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Why are crimes of the suite punished more leniently than crimes of the street? When police killings of citizens go unpunished, political torture is sanctioned by the state, and the financial frauds of Wall Street traders remain unprosecuted, nothing succeeds with such regularity as the active failures of national states to obstruct the crimes of the powerful.

Written from the perspective of global sustainability and as an unflinching and unforgiving exposé of the full range of the crimes of the powerful, Unchecked Corporate Power reveals how legalized authorities and political institutions charged with the duty of protecting citizens from law-breaking and injurious activities have increasingly become enablers and colluders with the very enterprises they are obliged to regulate. Here, Gregg Barak explains why the United States and other countries are duplicitous in their harsh reactions to street crimes in comparison to the significantly more harmful and far-reaching crimes of the powerful, and why the crimes of the powerful are treated as beyond incrimination.

What happens to nations that surrender ever-growing economic and political power to the globally super rich and the mammoth multinational corporations they control? And what can people from around the world do to resist the criminality and victimization perpetrated by multinationals, and generated by the prevailing global political economy? Barak examines an array of multinational crimes—corporate, environmental, financial, and state—and their state-legal responses, and outlines policies and strategies for revolutionizing these contradictory relations of capital reproduction, criminality, and unsustainability.

Winner of the NBCC Award for General Nonfiction

Named on Slate's 50 Best Nonfiction Books of the Past 25 Years, Amazon's Best Books of the Year 2015--Michael Botticelli, U.S. Drug Czar (Politico) Favorite Book of the Year--Angus Deaton, Nobel Prize Economics (Bloomberg/WSJ) Best Books of 2015--Matt Bevin, Governor of Kentucky (WSJ) Books of the Year--Slate.com's 10 Best Books of 2015--Entertainment Weekly's 10 Best Books of 2015 --Buzzfeed's 19 Best Nonfiction Books of 2015--The Daily Beast's Best Big Idea Books of 2015--Seattle Times' Best Books of 2015--Boston Globe's Best Books of 2015--St. Louis Post-Dispatch's Best Books of 2015--The Guardian's The Best Book We Read All Year--Audible's Best Books of 2015--Texas Observer's Five Books We Loved in 2015--Chicago Public Library's Best Nonfiction Books of 2015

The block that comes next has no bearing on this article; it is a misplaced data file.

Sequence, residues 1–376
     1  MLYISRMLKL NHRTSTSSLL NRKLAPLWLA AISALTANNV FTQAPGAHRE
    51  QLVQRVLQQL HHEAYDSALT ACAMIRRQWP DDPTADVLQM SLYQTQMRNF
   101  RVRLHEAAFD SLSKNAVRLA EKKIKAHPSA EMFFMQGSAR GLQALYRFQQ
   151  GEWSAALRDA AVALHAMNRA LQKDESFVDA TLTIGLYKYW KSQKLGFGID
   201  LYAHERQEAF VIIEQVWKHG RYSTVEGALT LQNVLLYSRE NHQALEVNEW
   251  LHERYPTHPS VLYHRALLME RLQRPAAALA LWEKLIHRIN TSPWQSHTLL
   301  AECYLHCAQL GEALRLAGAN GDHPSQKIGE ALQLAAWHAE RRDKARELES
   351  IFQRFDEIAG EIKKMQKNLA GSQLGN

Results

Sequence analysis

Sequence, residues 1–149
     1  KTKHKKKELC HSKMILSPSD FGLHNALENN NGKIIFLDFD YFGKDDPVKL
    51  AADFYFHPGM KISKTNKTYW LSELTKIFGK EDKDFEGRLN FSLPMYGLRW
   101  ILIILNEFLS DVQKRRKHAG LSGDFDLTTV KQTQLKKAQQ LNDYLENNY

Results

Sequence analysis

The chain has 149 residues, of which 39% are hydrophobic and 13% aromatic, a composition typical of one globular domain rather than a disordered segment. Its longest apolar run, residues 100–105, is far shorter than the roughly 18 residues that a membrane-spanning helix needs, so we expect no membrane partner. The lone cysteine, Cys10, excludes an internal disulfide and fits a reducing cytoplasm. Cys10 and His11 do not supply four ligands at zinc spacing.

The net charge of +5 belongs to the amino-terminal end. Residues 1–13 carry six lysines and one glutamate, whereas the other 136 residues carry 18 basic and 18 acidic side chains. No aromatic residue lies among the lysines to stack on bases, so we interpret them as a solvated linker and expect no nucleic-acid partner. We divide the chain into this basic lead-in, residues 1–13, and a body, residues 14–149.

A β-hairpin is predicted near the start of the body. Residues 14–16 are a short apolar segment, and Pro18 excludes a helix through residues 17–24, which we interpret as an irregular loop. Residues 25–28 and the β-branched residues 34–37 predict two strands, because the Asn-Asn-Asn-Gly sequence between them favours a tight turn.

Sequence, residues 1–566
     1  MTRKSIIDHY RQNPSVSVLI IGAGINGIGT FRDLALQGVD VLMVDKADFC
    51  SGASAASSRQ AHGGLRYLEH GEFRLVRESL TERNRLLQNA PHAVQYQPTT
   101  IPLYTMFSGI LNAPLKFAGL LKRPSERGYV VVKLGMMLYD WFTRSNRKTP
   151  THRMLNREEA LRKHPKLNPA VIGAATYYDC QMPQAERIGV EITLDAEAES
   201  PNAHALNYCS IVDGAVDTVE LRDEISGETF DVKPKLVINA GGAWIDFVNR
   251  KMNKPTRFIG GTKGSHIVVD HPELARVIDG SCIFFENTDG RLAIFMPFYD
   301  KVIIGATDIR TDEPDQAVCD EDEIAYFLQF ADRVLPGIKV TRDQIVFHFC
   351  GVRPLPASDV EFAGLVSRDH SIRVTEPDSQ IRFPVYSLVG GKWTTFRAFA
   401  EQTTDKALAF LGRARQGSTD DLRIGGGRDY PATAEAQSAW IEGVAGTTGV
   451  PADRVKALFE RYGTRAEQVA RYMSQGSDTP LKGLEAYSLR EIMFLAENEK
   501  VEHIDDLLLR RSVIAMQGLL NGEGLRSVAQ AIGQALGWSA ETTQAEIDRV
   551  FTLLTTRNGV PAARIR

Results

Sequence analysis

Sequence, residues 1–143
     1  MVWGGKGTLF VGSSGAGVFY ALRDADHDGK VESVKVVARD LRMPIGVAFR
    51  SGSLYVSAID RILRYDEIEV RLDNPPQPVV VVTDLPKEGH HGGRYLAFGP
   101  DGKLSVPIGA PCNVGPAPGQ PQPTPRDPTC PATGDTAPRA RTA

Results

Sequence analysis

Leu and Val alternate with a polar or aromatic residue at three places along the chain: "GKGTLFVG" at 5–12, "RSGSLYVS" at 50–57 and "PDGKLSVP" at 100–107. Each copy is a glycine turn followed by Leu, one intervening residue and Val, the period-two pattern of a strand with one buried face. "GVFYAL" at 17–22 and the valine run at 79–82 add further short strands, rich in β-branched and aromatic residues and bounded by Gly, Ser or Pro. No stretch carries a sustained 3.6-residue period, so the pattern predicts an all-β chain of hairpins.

From a small town in Mexico to the boardrooms of Big Pharma to main streets nationwide, an explosive and shocking account of addiction in the heartland of America.

In 1929, in the blue-collar city of Portsmouth, Ohio, a company built a swimming pool the size of a football field; named Dreamland, it became the vital center of the community. Now, addiction has devastated Portsmouth, as it has hundreds of small rural towns and suburbs across America--addiction like no other the country has ever faced. How that happened is the riveting story of Dreamland.

With a great reporter's narrative skill and the storytelling ability of a novelist, acclaimed journalist Sam Quinones weaves together two classic tales of capitalism run amok whose unintentional collision has been catastrophic. The unfettered prescribing of pain medications during the 1990s reached its peak in Purdue Pharma's campaign to market OxyContin, its new, expensive--extremely addictive--miracle painkiller. Meanwhile, a massive influx of black tar heroin--cheap, potent, and originating from one small county on Mexico's west coast, independent of any drug cartel--assaulted small town and mid-sized cities across the country, driven by a brilliant, almost unbeatable marketing and distribution system. Together these phenomena continue to lay waste to communities from Tennessee to Oregon, Indiana to New Mexico.

Introducing a memorable cast of characters--pharma pioneers, young Mexican entrepreneurs, narcotics investigators, survivors, and parents--Quinones shows how these tales fit together. Dreamland is a revelatory account of the corrosive threat facing America and its heartland.
Are crime rates rising or falling around the world? Are specific types of crime more prevalent in some cultures than others? Do different cultures vary greatly in their attitudes toward crime prevention? Students will find answers to these and similar questions in this unique resource of 15 case studies exploring the problems of crime and crime control in different countries, ranging from Germany to Ghana, to around the world. Cross-cultural comparisons examine the history, the public perceptions, contemporary problems, and the future of crime and crime control in each country. The comparisons also provide readers with the opportunity to discover both the many differences and the many similarities that exist among the different cultures in their rates of crime, forms of prevention, and attitudes toward it.

Each of the 15 chapters opens with a brief overview, which includes the type of government and the living environment of the country to introduce readers to the population. The countries were chosen to represent every region of the world and to provide as broad a picture as possible when exploring the issues presented by the problem of crime and different cultures' efforts to control it. The user-friendly format of the volume, with each chapter following the same outline, makes it easy for readers to compare specific aspects among the 15 cultures. These different views of the crime problem around the world and what it means to different people will help students to understand it in a broad sense as a social issue that affects all of humanity.